Hidden powerhouse drives forward new markets

From the birth of the internet to the creation of the cloud, free software has been the major driving force, as Billy MacInnes discovers


It is not hard to get a good example of the hidden benefits open source software (OSS) brings to everyday life. Start with something most of us use frequently: the internet.

Around 78 per cent of websites rely on an open source technology known as PHP and nearly 58 per cent of web servers use Apache software which is also OSS. An additional 12 per cent use Nginx, yet another open source project. In total, 70 per cent of the web hosting market is powered by open source.

Three content management systems commonly used for blogs, WordPress, Joomla and Drupal, are OSS and account for 70 per cent of the market.

Dominique Karg, chief hacking officer at AlienVault, offers a personal recollection of the impact OSS made 15 years ago.

“I still remember the huge satisfaction I had by just setting up my own Apache and sharing a couple of sites,” she says. “This exhilarating experience drove me, and a huge number of others, to explore and set up our own server systems: web servers with database backends, security programmes and network simulators – for example, Zebra – to play with more advanced stuff.”

Open source is, in a very real sense, the reason the cloud exists

Red Hat chief executive Jim Whitehurst claims OSS played a large role in the development of Google and Facebook. In an interview with the Times of India, he says: “The cost of building even the beginnings of Google, if you were doing that in the traditional IT stack way, would have been prohibitive. Our estimate is that, if they had paid traditional licence fees, even discounted, they would have paid $10 billion (£62 billion) every year in such fees.”

Google is a strong supporter and is involved in numerous initiatives, such as Apache, OpenBSD, OpenSSH and Chrome. Facebook also has a very strong open source ethos. It runs the world’s largest deployment of Hadoop software, supporting distributed processing of large data sets across computer clusters. Other Hadoop users include Google, Amazon and Microsoft.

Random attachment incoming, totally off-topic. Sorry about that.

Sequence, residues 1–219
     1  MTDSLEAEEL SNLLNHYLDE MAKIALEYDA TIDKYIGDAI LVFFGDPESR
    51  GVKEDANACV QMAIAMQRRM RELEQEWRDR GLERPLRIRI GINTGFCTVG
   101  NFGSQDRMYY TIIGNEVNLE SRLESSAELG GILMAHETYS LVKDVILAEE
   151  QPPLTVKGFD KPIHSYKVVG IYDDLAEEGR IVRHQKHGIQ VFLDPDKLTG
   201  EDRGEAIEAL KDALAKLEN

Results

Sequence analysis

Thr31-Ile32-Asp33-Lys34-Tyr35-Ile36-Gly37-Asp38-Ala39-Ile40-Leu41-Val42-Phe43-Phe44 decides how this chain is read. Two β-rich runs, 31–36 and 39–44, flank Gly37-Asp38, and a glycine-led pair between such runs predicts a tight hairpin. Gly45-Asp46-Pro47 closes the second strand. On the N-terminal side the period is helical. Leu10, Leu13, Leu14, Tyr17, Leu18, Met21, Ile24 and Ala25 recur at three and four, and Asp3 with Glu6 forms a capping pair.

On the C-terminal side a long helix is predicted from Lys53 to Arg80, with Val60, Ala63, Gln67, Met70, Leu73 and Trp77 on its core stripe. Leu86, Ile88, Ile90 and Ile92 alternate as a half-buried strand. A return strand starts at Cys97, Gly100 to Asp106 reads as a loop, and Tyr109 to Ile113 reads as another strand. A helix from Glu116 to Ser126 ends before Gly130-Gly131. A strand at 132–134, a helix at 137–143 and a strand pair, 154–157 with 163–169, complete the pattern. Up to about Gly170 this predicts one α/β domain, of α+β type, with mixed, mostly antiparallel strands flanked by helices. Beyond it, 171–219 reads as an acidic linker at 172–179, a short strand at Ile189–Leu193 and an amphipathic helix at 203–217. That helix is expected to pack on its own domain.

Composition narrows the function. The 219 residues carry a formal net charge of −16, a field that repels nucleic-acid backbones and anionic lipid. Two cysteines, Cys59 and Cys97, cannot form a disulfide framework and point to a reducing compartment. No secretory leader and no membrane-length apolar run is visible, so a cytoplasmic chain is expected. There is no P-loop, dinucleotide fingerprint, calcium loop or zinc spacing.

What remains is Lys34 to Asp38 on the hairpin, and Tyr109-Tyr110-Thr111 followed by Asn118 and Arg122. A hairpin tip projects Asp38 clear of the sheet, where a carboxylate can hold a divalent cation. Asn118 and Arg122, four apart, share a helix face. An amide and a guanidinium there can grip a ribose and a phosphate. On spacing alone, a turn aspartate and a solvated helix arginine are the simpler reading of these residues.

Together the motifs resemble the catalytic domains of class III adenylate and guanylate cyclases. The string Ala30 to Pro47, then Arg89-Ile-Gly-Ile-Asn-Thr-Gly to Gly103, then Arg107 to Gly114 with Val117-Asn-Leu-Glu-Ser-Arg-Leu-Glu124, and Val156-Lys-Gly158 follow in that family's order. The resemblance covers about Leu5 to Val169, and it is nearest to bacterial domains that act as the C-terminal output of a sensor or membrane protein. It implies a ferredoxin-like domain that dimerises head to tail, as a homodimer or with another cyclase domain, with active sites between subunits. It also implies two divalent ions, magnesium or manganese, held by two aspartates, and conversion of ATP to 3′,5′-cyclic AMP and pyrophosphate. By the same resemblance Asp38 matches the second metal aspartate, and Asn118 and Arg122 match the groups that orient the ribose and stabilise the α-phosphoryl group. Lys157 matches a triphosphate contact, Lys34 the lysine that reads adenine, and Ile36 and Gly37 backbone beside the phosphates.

Open source is also fuelling a large part of the cloud computing phenomenon. Stephen O’Grady, analyst at RedMonk, is unequivocal. “Open source is, in a very real sense, the reason the cloud exists,” he says.

Major cloud providers, such as Amazon, built their platforms on open source software foundations. The lack of licensing restrictions made open source much easier to use with cloud platforms, compared to companies such as Microsoft which had to make Windows licensing fit the cloud model.

“The result is a cloud environment which is not all open source – Microsoft, VMware and other closed source providers have substantial penetration – but overwhelmingly tilted in open source’s favour,” adds Mr O’Grady.

Fabio Torlini, vice president of marketing at Rackspace, agrees open source will make significant inroads in cloud computing. “When an organisation has firm plans for many hundreds or thousands of cloud servers, open source can have a significant financial advantage. Equally, when usage is expected to vary significantly, open source solutions can sidestep the commercial complexities of enterprise licences that have not yet adapted to the cloud era.”

The smartphone and tablet markets are big open source users. Apple’s iPhone helped popularise the smartphone but, according to figures from analysts IDC, the Android open-source operating system was installed on 68 per cent of phones shipped in the second quarter of 2012.

The natural benefits of open source technology – freedom of choice, no licensing costs, no vendor lock-in, easy to understand licensing terms, the ability to modify source and improve code to address an issue or problem – have helped to grow new markets more rapidly than if they had been left to proprietary vendors. Without open source technology, things would be very different today.